I love the idea of intelligent assistants aiding me in tasks like finding a table at a restaurant when I’m coordinating dinner with someone. What struck me as wrong, though, was Google’s choice to implement this feature, not as an assistant inside the Allo user interface, but as a third “person” in the conversation. All of a sudden, a conversation between the couple going out for a romantic dinner has an extra participant in between the two of them.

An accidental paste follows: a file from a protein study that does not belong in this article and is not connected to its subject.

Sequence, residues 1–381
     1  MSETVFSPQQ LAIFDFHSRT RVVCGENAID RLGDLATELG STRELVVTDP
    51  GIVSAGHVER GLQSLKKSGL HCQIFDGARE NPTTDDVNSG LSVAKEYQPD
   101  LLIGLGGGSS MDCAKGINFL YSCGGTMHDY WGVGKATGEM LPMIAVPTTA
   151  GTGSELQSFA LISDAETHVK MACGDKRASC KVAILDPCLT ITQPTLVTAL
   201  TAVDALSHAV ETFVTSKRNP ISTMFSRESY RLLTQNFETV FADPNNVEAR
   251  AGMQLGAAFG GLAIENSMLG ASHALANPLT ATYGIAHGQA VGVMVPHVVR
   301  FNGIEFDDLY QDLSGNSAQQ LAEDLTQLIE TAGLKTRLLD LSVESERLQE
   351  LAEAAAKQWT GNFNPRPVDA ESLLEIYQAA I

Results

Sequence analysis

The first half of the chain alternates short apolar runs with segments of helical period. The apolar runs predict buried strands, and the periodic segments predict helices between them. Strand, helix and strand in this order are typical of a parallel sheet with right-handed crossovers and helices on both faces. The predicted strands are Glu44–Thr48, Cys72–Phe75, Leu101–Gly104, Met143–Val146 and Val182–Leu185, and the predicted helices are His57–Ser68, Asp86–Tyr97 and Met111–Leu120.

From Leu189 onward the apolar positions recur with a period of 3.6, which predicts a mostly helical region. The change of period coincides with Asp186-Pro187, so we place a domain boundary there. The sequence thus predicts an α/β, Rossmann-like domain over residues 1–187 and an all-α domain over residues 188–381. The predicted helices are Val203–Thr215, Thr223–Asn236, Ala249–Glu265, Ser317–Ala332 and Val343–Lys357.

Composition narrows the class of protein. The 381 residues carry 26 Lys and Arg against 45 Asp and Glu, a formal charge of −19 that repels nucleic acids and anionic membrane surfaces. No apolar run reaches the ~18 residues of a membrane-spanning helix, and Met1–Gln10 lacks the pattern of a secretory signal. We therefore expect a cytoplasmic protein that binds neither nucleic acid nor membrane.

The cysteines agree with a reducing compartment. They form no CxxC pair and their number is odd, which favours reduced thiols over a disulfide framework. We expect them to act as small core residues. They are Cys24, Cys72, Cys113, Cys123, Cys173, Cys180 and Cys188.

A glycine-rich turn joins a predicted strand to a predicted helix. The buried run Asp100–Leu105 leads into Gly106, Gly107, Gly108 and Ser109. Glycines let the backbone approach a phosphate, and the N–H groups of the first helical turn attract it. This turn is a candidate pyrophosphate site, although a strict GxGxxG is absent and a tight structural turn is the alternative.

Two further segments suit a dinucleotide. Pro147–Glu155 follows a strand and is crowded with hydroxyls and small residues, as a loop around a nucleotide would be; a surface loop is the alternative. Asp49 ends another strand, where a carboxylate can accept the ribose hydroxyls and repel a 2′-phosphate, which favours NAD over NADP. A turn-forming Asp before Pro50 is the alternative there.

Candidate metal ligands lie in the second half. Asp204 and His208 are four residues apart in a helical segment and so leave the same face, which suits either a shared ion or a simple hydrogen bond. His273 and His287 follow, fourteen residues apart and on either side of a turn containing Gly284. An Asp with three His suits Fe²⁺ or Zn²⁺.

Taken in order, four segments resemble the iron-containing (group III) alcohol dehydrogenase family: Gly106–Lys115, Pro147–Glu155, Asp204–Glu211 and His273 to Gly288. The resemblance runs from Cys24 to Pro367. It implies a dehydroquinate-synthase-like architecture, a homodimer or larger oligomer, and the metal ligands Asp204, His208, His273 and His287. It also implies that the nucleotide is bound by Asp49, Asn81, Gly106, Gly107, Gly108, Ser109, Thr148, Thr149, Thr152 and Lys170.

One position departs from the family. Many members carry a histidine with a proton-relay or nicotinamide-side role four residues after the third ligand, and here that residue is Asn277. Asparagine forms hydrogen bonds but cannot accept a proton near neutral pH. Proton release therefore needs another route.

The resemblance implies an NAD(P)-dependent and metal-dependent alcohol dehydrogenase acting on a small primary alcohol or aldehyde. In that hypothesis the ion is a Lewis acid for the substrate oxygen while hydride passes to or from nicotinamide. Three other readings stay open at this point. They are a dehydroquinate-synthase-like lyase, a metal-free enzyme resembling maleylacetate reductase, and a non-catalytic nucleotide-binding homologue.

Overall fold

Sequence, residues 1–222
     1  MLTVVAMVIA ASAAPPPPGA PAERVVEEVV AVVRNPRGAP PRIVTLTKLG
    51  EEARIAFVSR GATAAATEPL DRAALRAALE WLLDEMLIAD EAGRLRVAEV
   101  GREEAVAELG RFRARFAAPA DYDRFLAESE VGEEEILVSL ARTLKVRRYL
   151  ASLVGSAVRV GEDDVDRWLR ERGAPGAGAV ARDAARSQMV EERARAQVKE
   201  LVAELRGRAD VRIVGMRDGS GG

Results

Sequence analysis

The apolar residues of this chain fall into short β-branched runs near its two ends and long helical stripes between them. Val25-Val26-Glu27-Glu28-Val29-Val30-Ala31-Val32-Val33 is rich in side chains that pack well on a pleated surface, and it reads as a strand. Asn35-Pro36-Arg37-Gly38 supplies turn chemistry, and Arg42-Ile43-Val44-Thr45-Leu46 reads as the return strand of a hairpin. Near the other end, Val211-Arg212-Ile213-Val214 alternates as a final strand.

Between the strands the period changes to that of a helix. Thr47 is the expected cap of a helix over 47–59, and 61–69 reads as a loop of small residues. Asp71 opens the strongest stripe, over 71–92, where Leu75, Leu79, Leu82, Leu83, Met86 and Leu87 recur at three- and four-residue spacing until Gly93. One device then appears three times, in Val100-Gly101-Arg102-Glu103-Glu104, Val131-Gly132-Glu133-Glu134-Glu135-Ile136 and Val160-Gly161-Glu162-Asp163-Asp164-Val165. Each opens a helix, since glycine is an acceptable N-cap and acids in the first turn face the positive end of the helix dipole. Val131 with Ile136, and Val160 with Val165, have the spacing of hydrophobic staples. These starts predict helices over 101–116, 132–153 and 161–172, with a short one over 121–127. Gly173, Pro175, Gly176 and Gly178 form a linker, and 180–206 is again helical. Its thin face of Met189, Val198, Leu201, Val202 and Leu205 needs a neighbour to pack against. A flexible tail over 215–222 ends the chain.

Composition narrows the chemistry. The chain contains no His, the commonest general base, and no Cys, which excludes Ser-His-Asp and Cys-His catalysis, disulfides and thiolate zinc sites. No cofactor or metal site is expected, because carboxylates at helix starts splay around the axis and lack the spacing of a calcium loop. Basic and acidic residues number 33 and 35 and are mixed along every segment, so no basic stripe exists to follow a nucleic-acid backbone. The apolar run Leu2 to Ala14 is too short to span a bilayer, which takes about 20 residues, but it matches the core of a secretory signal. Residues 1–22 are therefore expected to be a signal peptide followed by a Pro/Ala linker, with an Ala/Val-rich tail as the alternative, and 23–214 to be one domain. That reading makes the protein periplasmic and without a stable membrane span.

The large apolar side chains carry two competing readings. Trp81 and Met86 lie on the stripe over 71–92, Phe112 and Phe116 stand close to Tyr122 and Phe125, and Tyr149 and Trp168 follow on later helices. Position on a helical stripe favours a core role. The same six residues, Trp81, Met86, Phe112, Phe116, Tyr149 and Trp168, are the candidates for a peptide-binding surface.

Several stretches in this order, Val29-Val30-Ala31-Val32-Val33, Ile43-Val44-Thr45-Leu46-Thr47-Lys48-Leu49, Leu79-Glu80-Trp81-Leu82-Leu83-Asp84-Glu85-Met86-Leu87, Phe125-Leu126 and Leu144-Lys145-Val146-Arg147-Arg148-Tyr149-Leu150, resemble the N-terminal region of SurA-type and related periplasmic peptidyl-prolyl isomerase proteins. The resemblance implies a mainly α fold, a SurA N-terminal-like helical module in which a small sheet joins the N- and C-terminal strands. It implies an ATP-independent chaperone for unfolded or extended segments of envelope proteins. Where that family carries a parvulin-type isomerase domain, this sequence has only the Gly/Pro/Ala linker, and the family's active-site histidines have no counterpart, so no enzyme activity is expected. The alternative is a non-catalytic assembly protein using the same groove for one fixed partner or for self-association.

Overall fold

This is a subtle distinction, and I can appreciate that people might not have a problem with it, but I think it suggests a lack of subtlety and understanding of human nature on Google’s part. Just as I don’t want to pose while I’m waiting for someone to answer my call, I don’t want my private conversations with human beings interrupted by a robot participant. I want my phone, and the assembled brainpower of the Google cloud, to aid me, to make me look smarter when I’m texting. I don’t want it to butt in. (In the I/O demo of Allo, a Google representative actually refers to the two-person dinner planning session between Amit and Joy as a “group conversation.”)